I may have signed up to pay for CodeSchool, it certainly had promise, lots of evaluation points, some form of community and a very wide range of courses taught (probably too many as by this point I was signing up for courses on all kinds of things that I didn’t need to do).

But then I discovered Free Code Camp.  So this was around December 2015 and it was my aim to have my first junior web development role by the end of 2016.  Granted this wasn’t my first targeted date – I had previously said end of 2014, 2015, beginning of 2016 yadda yadda.  But now there was a plan and a true focus.  Free Code Camp was about to really help me.

I started on the easy tasks – it doesn’t teach a lot of HTML or CSS, so I wouldn’t advise starting with Free Code Camp – learn your HTML/CSS skills elsewhere.

It doesn’t even teach JavaScript that thoroughly – it certainly teaches you the fundamentals and enough to do some reasonably powerful coding.  Again, previously mentioned sites will teach you more in depth – they all have their strong points.

But where it excels is in both the algorithm and project sections.  The algorithm challenges really do make you think about how to use JavaScript, how to structure it, when to use chaining, if statements, for loops, etc.  My ability to use JavaScript improved significantly thanks to Free Code Camp (admittedly I’m still years and years away from those £100k a year jobs) – most other courses on other sites either asked questions, or asked you to fill bits in.  This was thinking about a challenge from top to bottom.

Then they have projects.  For these, you have to write a website – the most basic being a tribute site, which I did to a footballer, Dean Windass.  That was quite simple HTML and CSS.

They do go up in difficulty as you pass the JavaScript challenges, most recently I was working on ones using APIs – such as a current weather website.  APIs are not taught well in Free Code Camp so it was a case of investigating – though they also have an excellent forum where I did ask for help on a few occasions, and am sure I will do again!  Also you can see what other people have done with their sites, which I try not to do unless I am really stuck – though there is always a myriad of different ways to solve them.

So, that was pretty much me for the courses side of things, whilst I was learning how to become a web developer.

Now I have a job, for which I need to learn PHP and WordPress (quickly!), I am using Lynda, which is a subscription service (my company pays) and they do have some excellent courses on PHP and WordPress – something not easy to provide via something like Free Code Camp due to the local testing environment required.  It is a whole other world.  Lynda provides a set of videos, the courses are often quite long, longest I’ve found so far is a whopping 14 hours, but generally in depth yet comfortably so.  I haven’t done their videos on HTML, CSS or JavaScript and probably won’t, certainly not HTML/CSS.  They are excellent to follow along to, making websites from stratch or re-designing them and normally give you challenges too.  You can see my collection of Free Code Camp projects here.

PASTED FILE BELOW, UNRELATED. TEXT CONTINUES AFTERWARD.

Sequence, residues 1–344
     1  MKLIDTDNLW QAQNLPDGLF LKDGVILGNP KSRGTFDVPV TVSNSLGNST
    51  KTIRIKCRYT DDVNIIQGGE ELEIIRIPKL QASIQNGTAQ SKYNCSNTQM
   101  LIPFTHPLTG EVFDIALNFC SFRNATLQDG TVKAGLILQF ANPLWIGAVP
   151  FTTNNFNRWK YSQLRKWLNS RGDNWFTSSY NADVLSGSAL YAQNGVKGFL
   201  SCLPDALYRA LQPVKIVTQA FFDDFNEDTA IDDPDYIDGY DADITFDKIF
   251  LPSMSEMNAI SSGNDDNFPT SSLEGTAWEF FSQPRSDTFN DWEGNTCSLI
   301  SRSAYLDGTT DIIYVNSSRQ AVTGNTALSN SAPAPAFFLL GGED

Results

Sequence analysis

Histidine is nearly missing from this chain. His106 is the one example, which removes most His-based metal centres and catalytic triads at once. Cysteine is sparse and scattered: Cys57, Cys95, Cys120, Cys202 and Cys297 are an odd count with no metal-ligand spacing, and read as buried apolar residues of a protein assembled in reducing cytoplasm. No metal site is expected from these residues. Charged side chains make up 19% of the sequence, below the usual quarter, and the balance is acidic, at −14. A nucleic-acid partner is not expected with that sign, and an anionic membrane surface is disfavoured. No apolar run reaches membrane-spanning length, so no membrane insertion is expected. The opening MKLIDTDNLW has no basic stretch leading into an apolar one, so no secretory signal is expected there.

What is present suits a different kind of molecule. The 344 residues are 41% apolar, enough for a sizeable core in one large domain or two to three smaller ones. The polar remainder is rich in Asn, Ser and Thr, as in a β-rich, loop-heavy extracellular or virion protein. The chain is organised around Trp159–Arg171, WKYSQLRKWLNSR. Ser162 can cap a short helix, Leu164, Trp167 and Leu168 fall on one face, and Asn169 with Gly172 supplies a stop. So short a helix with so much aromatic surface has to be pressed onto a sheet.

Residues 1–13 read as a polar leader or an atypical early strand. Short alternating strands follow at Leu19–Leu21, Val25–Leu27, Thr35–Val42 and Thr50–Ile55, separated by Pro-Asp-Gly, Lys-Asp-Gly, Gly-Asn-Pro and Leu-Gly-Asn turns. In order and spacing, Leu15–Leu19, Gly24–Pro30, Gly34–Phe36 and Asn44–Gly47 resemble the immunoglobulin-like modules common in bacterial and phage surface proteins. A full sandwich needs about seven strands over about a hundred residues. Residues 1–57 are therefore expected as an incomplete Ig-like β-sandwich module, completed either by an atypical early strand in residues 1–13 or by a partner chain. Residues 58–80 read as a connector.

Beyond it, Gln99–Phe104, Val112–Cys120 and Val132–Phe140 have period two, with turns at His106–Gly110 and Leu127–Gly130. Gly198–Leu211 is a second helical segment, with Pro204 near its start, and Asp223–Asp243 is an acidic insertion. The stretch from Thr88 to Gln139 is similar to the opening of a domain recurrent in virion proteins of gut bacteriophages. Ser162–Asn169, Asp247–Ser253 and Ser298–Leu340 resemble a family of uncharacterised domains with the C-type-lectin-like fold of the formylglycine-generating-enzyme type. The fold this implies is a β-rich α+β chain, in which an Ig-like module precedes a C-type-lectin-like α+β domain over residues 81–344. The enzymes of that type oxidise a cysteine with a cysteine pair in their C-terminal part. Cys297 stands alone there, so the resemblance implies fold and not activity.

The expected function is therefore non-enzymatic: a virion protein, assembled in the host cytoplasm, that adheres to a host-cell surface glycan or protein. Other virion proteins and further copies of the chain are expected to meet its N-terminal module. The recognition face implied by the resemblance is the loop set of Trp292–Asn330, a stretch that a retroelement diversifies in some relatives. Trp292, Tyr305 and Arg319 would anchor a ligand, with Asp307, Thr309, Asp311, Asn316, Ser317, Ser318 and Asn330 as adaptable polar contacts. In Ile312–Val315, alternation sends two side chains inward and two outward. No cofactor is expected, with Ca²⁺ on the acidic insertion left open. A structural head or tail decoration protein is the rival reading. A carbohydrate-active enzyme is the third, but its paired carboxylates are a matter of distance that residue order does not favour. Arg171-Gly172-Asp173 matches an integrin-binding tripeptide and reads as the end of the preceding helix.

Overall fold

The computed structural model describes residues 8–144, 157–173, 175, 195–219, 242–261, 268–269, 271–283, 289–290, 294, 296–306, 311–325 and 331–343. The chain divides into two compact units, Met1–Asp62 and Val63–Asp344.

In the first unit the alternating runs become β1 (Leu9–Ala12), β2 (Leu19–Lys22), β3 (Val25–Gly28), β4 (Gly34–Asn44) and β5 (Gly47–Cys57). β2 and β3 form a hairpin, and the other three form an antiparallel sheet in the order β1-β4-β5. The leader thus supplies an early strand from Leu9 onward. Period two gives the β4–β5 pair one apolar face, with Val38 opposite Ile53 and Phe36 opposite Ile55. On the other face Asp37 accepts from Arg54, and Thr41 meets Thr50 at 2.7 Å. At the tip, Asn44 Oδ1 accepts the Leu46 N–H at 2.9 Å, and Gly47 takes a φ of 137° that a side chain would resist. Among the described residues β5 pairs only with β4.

I do stress the sacrifices that I’ve had to make along the way.  There were a few occasions were I just wanted to jack my dull accounting job in, with no money saved in the bank, and just concentrate on studying.  Maybe I could have taken a bank loan.  It would have been a lot quicker to have been studying/coding full-time.

But I couldn’t really risk not having an income, so studying part-time on the weekends, in the evenings had to be the choice.  So many social events, so many parties, so many cultural events that I could have gone to that I had to turn down.  I needed to get fit but had no time for that.  I was often very tired.  I ended up drinking too much Red Bull (counter-productive on tiredness).  I didn’t get to watch cricket often, drink beer, sit in the sun, go for walks in the country, go to the theatre, go to comedy shows, go to nightclubs, go on weekends away, get behind my DJ decks, do any art, etc etc.  Occasionally, yes, but nowhere near as much as I would have done otherwise.

And now I have my junior role, complete with significant pay cut, I cannot afford to do them!  Plus, I’m only at the beginning of my journey and now have even more to learn just to keep my job, let alone progress.

Next up I will discuss the other reading materials and useful sources that helped me along my way, followed by websites that I made to go towards my portfolio, and in the final post I will discuss how I approached the job application stage.  Hopefully I will write them before I am looking for a new job – things are somewhat precarious.

Here is the list of courses that I completed (or nearly), prior to being employed – those in bold are those I definitely recommend to beginners:


Learn Sass
Learn SQL
Make A Website
Make An Interactive Website

Khan Academy:

Hour Of Code
Intro to HTML/CSS: Making Webpages
HTML/JS Making Webpages Interactive
HTML/JS Making Webpages Interactive with jQuery
Intro to SQL: Querying and managing data
Advanced JS: Games & Visualisations
Advanced JS: Natural Simulations


Try Git
Try jQuery
JavaScript Road Trip Part 1
JavaScript Road Trip Part 2


Pluralsight – Javascript Fundamentals.
Pluralsight – Introduction to jQuery.
Pluralsight – Learning To Program: Getting Started.


Currently halfway through Intermediate Algorithmic Scripting

Learn HTML & CSS first.  And thoroughly, before you attempt JavaScript!

Here is a list of books I read:

Photoshop CS6 Unlocked
The Principles of Beautiful Web Design
The CSS3 Anthology: Take Your Sites to New Heights
SEO White Book: The Organic Guide to Google Search Engine Optimization: Volume 3 (The SEO Series)
HTML5 & CSS3 For The Real World
jQuery: Novice to Ninja
Implementing Responsive Design: Building Sites for an Anywhere, Everywhere Web
Drupal 7 Explained: Your Step-by-step Guide
Jumpstart Bootstrap
Jumpstart JavaScript
Create Your Own Website Using WordPress in a Weekend
JavaScript – A Beginners Guide – Fourth Edition
JavaScript – The Complete Reference – Third Edition
CSS Master (not read it yet)
CSS Secrets: Better Solutions to Everyday Web Design Problems (not read it yet)
Professional WordPress: Design and Development (not read yet)
Professional JavaScript for Web Developers (not read yet)